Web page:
Don't kid yourself....

What does that mean?`

I see from your profile your a EE. Why would you specifically recommend a cable designed for RF applications such as RG6 as a low-frequency audio interconnect?
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post #16 of 34 Old 12-20-2007, 09:33 AM
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RG6 with adapters will work very well. In fact you can get the shielded RG6 and have better quality conductors than so called "audio" cables costing ten times as much.

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post #17 of 34 Old 12-20-2007, 10:12 AM
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Sweet! Cable debate! Go go go!

I'm using a 25 ft Monoprice RG6 cable with fancy connector (paid extra for it) and it seems to work fine.

I'm sure I'm missing something that I would have if I had paid a lot more.

Of course - the walls can only handle so much shaking so I'm glad I went with the budget cable.
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post #18 of 34 Old 12-20-2007, 10:21 AM
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Quote:
Originally Posted by zamboniman View Post

Don't kid yourself....

Get a spool of RG6 from the local orange or blue big box. Then grab some F to RCA adapters.. Prob have to go to ratshack for the adapters

since you can buy a pre-made 50' cable for $10, why would you go through all this trouble?

Randy
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post #19 of 34 Old 12-20-2007, 10:27 AM
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Well most good quality RG6 has a foil-braid shield. The foil is transparent to 60Hz so it buys you nothing in terms of RFI protection. The copper braid gets you a tiny bit better protection. At least the Blues Jeans sub cable doubles up on the copper braid. That doesn't get you much but it is better than a RF cable with a foil shield.
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post #20 of 34 Old 12-20-2007, 10:33 AM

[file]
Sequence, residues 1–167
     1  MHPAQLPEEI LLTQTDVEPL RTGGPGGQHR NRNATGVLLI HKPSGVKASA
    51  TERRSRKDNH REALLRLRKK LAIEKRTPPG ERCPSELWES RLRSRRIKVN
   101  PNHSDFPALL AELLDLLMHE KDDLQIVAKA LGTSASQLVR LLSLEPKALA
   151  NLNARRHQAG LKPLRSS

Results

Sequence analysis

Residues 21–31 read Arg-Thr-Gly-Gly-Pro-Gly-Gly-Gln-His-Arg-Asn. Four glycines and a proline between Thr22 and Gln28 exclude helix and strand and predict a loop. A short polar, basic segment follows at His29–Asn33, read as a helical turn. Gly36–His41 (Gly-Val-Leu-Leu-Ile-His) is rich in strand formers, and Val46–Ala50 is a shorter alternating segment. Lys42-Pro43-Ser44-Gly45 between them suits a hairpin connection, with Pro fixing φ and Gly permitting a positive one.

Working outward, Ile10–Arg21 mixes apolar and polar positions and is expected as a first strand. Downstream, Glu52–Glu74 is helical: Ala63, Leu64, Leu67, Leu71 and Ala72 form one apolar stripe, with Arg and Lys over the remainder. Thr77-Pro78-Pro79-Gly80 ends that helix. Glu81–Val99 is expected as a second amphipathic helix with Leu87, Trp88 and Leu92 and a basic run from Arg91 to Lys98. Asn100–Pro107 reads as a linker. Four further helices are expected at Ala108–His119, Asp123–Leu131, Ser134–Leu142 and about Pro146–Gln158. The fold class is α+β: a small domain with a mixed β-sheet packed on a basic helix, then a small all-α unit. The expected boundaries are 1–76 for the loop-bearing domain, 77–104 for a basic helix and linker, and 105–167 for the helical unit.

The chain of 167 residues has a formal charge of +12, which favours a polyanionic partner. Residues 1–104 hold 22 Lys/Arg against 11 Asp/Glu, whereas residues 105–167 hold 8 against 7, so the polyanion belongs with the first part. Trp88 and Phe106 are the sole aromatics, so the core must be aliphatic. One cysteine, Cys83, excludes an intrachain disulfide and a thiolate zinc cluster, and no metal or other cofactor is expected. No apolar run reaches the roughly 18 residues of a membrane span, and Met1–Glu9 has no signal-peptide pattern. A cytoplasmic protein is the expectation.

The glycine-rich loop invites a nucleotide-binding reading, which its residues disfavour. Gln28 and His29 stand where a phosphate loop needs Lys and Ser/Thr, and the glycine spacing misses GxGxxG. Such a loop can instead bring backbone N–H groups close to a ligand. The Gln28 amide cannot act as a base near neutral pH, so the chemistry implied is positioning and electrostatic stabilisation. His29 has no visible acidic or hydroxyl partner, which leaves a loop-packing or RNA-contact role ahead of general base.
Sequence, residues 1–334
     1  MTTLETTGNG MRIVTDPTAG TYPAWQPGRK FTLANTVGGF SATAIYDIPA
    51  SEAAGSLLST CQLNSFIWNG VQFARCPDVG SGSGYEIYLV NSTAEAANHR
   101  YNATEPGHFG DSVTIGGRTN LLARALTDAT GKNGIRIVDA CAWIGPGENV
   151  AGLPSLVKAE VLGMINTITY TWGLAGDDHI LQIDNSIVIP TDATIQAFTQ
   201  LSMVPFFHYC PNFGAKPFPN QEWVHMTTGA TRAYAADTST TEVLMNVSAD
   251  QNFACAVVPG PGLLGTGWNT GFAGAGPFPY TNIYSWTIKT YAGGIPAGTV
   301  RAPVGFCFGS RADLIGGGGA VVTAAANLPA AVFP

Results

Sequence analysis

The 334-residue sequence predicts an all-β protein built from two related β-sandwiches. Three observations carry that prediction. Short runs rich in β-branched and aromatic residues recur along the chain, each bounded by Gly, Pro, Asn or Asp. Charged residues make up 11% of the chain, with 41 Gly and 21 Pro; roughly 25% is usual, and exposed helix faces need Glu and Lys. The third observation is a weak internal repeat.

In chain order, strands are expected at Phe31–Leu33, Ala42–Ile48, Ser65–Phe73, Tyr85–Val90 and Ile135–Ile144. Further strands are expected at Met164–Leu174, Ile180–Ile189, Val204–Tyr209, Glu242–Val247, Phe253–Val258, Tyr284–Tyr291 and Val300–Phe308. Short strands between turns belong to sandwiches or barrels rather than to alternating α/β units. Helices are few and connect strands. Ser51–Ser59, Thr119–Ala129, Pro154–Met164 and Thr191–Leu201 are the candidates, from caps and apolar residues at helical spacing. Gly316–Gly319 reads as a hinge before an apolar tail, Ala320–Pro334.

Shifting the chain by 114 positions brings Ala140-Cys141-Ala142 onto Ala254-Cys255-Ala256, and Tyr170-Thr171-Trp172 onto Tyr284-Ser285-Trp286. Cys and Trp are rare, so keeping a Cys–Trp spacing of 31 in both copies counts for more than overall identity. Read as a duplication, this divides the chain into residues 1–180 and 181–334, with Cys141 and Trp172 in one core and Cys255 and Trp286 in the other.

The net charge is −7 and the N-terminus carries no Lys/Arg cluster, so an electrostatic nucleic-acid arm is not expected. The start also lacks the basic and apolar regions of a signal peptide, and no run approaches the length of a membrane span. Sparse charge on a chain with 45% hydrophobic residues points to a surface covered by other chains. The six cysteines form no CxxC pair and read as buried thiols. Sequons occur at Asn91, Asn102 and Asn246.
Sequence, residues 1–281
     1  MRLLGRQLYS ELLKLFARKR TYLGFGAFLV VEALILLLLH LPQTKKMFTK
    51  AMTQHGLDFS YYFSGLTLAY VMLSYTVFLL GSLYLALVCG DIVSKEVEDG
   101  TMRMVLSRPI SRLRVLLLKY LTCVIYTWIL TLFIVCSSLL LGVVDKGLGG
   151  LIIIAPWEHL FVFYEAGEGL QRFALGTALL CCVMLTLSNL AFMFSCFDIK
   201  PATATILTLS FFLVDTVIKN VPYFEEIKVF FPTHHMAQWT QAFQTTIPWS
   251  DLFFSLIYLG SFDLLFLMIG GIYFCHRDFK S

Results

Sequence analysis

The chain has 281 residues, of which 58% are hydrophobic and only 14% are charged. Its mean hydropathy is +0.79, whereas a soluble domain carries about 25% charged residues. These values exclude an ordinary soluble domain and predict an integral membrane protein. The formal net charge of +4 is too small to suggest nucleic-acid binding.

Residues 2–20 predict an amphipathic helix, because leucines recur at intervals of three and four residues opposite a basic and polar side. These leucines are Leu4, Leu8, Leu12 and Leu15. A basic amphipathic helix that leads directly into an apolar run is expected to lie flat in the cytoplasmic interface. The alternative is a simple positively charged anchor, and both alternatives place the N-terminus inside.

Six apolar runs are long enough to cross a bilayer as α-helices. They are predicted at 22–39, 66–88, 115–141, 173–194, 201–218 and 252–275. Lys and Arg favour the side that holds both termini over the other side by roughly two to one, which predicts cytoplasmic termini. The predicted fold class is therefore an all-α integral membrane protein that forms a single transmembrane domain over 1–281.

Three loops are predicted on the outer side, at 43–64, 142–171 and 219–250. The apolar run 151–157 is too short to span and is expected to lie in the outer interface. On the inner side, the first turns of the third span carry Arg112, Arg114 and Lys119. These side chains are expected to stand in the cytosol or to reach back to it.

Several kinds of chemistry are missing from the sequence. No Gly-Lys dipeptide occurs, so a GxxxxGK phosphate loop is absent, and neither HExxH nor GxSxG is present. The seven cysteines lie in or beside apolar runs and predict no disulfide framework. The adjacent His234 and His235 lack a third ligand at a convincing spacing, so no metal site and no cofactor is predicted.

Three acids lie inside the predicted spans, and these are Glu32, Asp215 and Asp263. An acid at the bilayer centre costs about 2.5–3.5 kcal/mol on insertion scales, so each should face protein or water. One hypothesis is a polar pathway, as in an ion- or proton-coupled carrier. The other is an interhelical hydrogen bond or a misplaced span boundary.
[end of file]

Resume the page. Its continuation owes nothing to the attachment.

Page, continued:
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Quote:
Originally Posted by NightHawk View Post

What does that mean?`

I see from your profile your a EE. Why would you specifically recommend a cable designed for RF applications such as RG6 as a low-frequency audio interconnect?

Because you need a shielded cable and coax is about the lowest priced choice. Cut open a "plain old RCA cable" and what do you see. Center conductor, dielectric, shield, jacket. Same as coax.

Randy
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post #21 of 34 Old 12-20-2007, 10:58 AM
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I don't argue that the $10 cable from monoprice is fine..... however,

All audio cable is coax.....
- RG6 happens to be good coax with the correct impedance... if it's good enough for RF it's overkill for subwoofers aka low frequency interconnect.
- It's cheap
- It can be had locally
- You can field terminate with ease for exact length using commonly available materials/tools
- You can terminate with cheap easy locally available wall plates for a nice finished look
- Cheap and easy to get "in wall" rated version (OP mentioned going through attic)
- Not going to debate this... but I guarantee you in this application it will work as good or BETTER than any other purpose built cable at any price would
- There's a reason most prof. installers use this (it works, won't be the source of a headache or problem, and is cost effective)

And if you didn't want to go to all the trouble of termination..... you could probably buy a 50' length of connectorized RG6 and the adapters for about $10

And now that I notice it..... the monoprice cable is exactly what I was recommending (RG6/ or 59) minus the adapters... So like I said.... Any coax like this would be more than suffiient for your subwoofer cable.... either ordered like this..... or built up with parts and pieces from your local store
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post #22 of 34 Old 12-20-2007, 11:09 AM
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Everyone would be better off using a product like Belden 1505F RG59. It has a double braid outer shield with 98% coverage. Most RG6 has a much lower percentage of braid shield. It's also less flexible and more difficult to terminate with RCA connectors than RG59.

RG6 is not the best choice and the impedance doesn't matter at all.

In reality the shield matters little anyway. Even double copper braid shields provide only a miniscule amount of protection from low-frequency magnetic fields. The only thing that does provide protection is a balanced interconnect. Few prople would need that. That's the reason in my first post I replied to the OP that "any ol RCA cable" will work.